Saturday, October 13, 2007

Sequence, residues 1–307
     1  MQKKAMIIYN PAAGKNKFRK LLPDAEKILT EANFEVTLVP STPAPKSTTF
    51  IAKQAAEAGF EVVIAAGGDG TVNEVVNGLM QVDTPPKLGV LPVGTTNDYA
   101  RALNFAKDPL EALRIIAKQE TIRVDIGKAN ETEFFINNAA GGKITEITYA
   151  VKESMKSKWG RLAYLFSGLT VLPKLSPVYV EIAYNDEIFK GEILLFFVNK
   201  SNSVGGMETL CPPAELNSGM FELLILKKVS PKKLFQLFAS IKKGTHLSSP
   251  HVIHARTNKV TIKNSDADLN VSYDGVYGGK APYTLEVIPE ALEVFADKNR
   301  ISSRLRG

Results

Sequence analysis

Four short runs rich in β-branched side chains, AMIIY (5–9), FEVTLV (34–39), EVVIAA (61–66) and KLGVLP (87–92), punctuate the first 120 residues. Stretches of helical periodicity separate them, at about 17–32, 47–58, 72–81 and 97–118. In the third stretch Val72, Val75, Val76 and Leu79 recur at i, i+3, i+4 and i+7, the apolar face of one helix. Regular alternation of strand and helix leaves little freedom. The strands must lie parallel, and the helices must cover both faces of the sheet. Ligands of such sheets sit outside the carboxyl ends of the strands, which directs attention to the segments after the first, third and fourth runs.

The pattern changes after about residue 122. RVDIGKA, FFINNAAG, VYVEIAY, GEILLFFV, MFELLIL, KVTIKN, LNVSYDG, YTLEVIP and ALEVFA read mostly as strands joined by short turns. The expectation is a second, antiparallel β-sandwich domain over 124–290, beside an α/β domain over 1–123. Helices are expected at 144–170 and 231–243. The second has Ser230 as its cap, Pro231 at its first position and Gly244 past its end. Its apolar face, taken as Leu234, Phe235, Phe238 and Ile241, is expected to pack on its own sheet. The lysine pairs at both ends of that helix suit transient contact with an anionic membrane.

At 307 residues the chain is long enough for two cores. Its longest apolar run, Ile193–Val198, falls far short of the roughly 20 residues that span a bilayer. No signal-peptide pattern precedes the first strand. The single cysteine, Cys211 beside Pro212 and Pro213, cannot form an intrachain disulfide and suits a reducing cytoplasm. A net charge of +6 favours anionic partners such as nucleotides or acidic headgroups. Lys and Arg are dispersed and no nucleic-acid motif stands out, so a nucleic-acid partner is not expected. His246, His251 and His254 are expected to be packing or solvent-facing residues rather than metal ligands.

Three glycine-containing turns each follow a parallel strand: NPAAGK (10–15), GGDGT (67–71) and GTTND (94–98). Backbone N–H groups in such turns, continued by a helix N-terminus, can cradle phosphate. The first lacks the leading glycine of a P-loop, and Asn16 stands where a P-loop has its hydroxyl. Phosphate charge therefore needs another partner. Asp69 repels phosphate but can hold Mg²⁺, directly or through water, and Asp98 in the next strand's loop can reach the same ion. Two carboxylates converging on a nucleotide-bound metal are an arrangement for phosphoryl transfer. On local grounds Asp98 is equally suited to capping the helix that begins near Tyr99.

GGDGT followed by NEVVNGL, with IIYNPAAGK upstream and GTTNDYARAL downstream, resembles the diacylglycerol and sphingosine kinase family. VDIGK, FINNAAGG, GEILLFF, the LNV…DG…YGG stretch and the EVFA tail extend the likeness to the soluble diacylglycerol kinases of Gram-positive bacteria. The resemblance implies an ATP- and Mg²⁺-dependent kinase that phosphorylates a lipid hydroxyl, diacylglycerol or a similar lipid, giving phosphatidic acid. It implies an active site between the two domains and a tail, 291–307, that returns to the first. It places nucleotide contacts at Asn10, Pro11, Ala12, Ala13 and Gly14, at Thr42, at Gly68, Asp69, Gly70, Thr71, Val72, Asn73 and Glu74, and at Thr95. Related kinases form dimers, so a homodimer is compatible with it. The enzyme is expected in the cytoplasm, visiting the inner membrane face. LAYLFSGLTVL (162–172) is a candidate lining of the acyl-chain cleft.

We struck out this cold October morning after having tackled 1) our landlord to replace a part in our toilet so we don't have to keep shutting the water off after using it (Monday, he promised) and 2) T-Mobile, who has an idiotic customer service rep who doesn't know how to read a document that is in Bosnian with the English translation right underneath it, thereby causing four extra days of headaches and two long-distance calls to the US to sort everything out. Just before noon, we set out along the promenade to walk into town to get our bus tickets and eat at Metropolis, the premier restaurant in Sarajevo to get cakes. It has rained in Sarajevo since Tuesday. Leaves are down and different shades of yellow, brown and green are pasted to the sidewalks, making it a bit slippery to walk. As we walked into town, we could see the hills in the distance; with them so tall and the clouds so low, it looked like the hills were on fire. Of the ones that could be seen completely, the sun and clouds danced on the hillside, illuminating one and darkening its neighbor. After getting our bus tickets, we walked down the main street and Wiley showed me some hiking boots he'd shown me earlier. We went into the store and came out with these darling little light-blue hiking boots for moi. The saleswomen were very helpful and after I tried on about four pairs of shoes and decided on just the boots, I placed one hand on the shoes and said, "Ne," which is "No," and then placed my hand on my boots and said, "Da," which is "Yes." Wiley laughed and the saleslady, after realizing I didn't speak hardly any Bosnian, said it was a good way to start. We then decided to grab a little lunch at this place called To Be (the rest of it is or Not to Be, crossed out). The small restaurant in the bascarsija is two levels. This time, we decided to sit downstairs, as we heard people upstairs, and we were rewarded with watching the cook make meals in a kitchen smaller than ours. I had grilled chicken and Wiley had veal kabobs. They were both served with a generous portion of vegetables - fried zucchini, tomatoes, potatoes, eggplant and red pepper. After that little treat, we headed back to Metropolis to see if the place was a little less busy for dessert and a little warm nip of coffee (cocoa for me). We settled upstairs in a corner where Wiley's head touched the ceiling, ordered our drinks, waited 10 minutes, ordered a crepe with forest berries in it, waited about a half-hour for that, and then waited another 20 minutes for our waiter to come back so we could pay the bill. Wiley left the last of his change as a tip at To Be, so when the waiter asked if he had any coins, Wiley said no, but the waiter persisted: "Not even a Mark? Half a Mark?" he asked in Bosnian. Wiley answered in Bosnian and waved his hands. It was a less than pleasant experience, and I hope the next time we go back, we have a waiter that doesn't have the entire upstairs to cover and that the food is a bit better. I know the pasta is great (but I wasn't interested since we'll be having that tonight), and we also noticed they have sandwiches, so the next time I have a craving for a burger and we're in that part of town, that's where we're going. Since we walked into town earlier, we decided to catch a bus to take us part of the way home. I hate the buses, though not quite as much as the trams. They're still crowded, and I realized that people probably don't like me very much because I stand near the front, where the hand-rails are lower. I try to move as people get on, but I'm too short to stand in the middle of the bus/tram, as in the lane where people walk. I can't reach the rail because it's way over my head. So Wiley devised a plan: get on in front, stamp my damn ticket, then walk to the middle where the other door is because the rails there are lower, and to hell with those people getting on and off...at least I'm not completely in the way there because I can squeeze to a side, whereas in the front, I'm screwed, and I just hate waving my ass in front of some stranger who's sitting down. If I'm giving a show, then I want compensation, and the bus riders just won't stand for that.